The organizer’s point of view about the “co-creation” trend: 3 ideas for definitely participative seminars

Co-creation, active consumers, crowdsourcing…
Buzzwords we read everywhere in marketing and management reviews and books, but what do they really mean, for you?

In the context of companies and brands, it’s all about consumer implication in the creation process of a product or a service. This approach, which cannot be ignored anymore, is rewarding in many aspects. And your events won’t be able to escape it!


The real power of events is the sum of all its participants expertise and personality. The more the event’s organization and contents take into account each one of them, individually, the more they are committed to the company or brand action, and the better ambassadors they are.

Here are 3 ideas you should take and adapt to “co-create your events” with your guests.

  • Let your guests take part in your events creation

Before your event, why don’t you offer your guest community the opportunity to take part in deciding the agenda? You could launch an “online brainstorming” session, open to all ideas and from which you could make a selection and establish your program. Or you could simply begin by many items and themes your guests could vote for, or classify in preference order. The first approach, collecting ideas or votes, then the announcement of definitive program, both contribute to commit each guest a long time before the event. It’s also the best way to ensure your program exactly match the expectations of all of your guests.
This also provides the occasion for participants to begin to form a community, by offering tools and occasions to share and discuss on the event website. The sessions themes are opportunities to strike up conversation and will allow guests to get to know each other.

  • Prioritise sessions in small groups rather than plenary conferences and organize recommendation reports made by the audience  

Small groups sessions facilitate the free expression of everyone’s ideas, questions or suggestions. By using this kind of format, instead of huge conferences in vast auditoriums, the organizers demand more work and attention from each guest, but they therefore ensure more commitment, along with greater memorization and appropriation of their messages. Moreover, if everyone is conscious from the beginning that the workshop or round table is going to lead to a report presented to the other sessions’ participants, the “social” aspect becomes even more important. After all, guests want to do the best they can individually if the result is part of a collective work. Especially because their names and identities are included with the result…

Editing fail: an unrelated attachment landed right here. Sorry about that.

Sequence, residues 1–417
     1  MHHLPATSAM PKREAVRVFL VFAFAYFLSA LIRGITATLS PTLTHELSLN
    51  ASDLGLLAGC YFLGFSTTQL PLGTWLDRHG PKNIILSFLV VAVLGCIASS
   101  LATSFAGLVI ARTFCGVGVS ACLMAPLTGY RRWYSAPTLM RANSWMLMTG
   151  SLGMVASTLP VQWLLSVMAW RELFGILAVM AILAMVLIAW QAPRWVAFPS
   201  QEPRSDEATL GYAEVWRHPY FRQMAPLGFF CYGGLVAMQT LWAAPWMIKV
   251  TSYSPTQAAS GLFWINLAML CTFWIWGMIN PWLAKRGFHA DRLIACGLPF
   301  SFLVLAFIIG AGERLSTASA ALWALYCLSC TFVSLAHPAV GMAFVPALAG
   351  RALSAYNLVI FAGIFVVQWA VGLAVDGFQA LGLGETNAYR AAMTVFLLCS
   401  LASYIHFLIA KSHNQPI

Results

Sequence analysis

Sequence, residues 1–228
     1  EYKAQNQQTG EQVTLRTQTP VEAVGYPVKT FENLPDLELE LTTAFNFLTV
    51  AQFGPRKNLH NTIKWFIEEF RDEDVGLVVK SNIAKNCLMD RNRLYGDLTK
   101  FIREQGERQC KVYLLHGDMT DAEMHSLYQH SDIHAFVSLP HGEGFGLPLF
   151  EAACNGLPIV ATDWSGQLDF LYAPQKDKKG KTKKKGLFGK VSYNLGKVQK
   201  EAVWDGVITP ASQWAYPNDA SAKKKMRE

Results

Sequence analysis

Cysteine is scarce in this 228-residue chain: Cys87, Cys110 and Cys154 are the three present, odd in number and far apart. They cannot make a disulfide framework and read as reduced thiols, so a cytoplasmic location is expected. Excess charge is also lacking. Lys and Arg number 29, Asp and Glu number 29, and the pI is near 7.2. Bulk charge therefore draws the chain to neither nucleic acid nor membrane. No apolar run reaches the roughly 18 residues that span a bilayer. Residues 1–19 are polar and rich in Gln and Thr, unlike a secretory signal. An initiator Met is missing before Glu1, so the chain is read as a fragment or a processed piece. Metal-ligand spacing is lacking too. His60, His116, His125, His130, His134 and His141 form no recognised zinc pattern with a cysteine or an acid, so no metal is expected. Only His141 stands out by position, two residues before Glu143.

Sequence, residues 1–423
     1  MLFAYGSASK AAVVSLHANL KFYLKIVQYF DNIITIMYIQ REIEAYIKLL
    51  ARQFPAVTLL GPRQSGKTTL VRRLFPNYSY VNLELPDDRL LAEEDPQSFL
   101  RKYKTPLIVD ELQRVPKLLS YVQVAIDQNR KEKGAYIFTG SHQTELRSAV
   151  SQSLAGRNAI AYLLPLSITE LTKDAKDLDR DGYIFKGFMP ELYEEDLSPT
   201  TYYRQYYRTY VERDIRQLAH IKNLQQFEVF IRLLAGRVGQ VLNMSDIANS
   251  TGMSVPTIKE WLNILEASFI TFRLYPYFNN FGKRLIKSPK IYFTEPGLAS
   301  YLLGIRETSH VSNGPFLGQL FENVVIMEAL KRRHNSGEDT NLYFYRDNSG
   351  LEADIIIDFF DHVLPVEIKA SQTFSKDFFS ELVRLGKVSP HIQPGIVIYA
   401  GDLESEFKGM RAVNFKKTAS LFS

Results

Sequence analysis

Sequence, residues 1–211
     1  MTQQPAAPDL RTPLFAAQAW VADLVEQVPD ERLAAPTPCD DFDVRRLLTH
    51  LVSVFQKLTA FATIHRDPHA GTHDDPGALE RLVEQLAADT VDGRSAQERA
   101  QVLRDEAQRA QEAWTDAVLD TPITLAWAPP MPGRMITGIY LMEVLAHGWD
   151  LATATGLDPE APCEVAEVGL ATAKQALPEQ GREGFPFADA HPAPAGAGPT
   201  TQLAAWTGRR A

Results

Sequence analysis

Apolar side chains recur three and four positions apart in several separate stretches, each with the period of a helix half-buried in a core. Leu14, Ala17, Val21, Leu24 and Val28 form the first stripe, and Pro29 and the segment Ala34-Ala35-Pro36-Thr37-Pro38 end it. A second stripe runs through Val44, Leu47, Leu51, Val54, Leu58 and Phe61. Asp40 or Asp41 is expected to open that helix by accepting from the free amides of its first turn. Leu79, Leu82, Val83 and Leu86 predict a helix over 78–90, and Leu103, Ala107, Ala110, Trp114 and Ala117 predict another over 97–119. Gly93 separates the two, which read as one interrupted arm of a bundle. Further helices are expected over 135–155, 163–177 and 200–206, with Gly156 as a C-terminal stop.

• Involve each participant personally

If you provide topics to react and interact with, instead of preaching the good word or handing out ready-made conlusions, you’re reaching out to everyone’s experience, critical sense, reflection and personal opinion. It’s the best way to involve each participant in the discussion which is taking place. If the whole ideological debate resulting from this is well structured and guided, your event could be far more productive, “augmented” by the expertise of each guest, not only a few chosen speakers.
What if each guest could have access to the “result” of these debates, tailored to them, for their own use? A visual report, with images and contents easily appropriated and shared with others, outside of the conference? When your name and identity are attached to a report, you feel like getting involved personally and giving the best of yourself, you feel like spreading the word everywhere around you, talking about the results and the role you played… You feel valued personally, and can easily become an enthousiastic – and efficient – ambassador!

Now it’s your turn!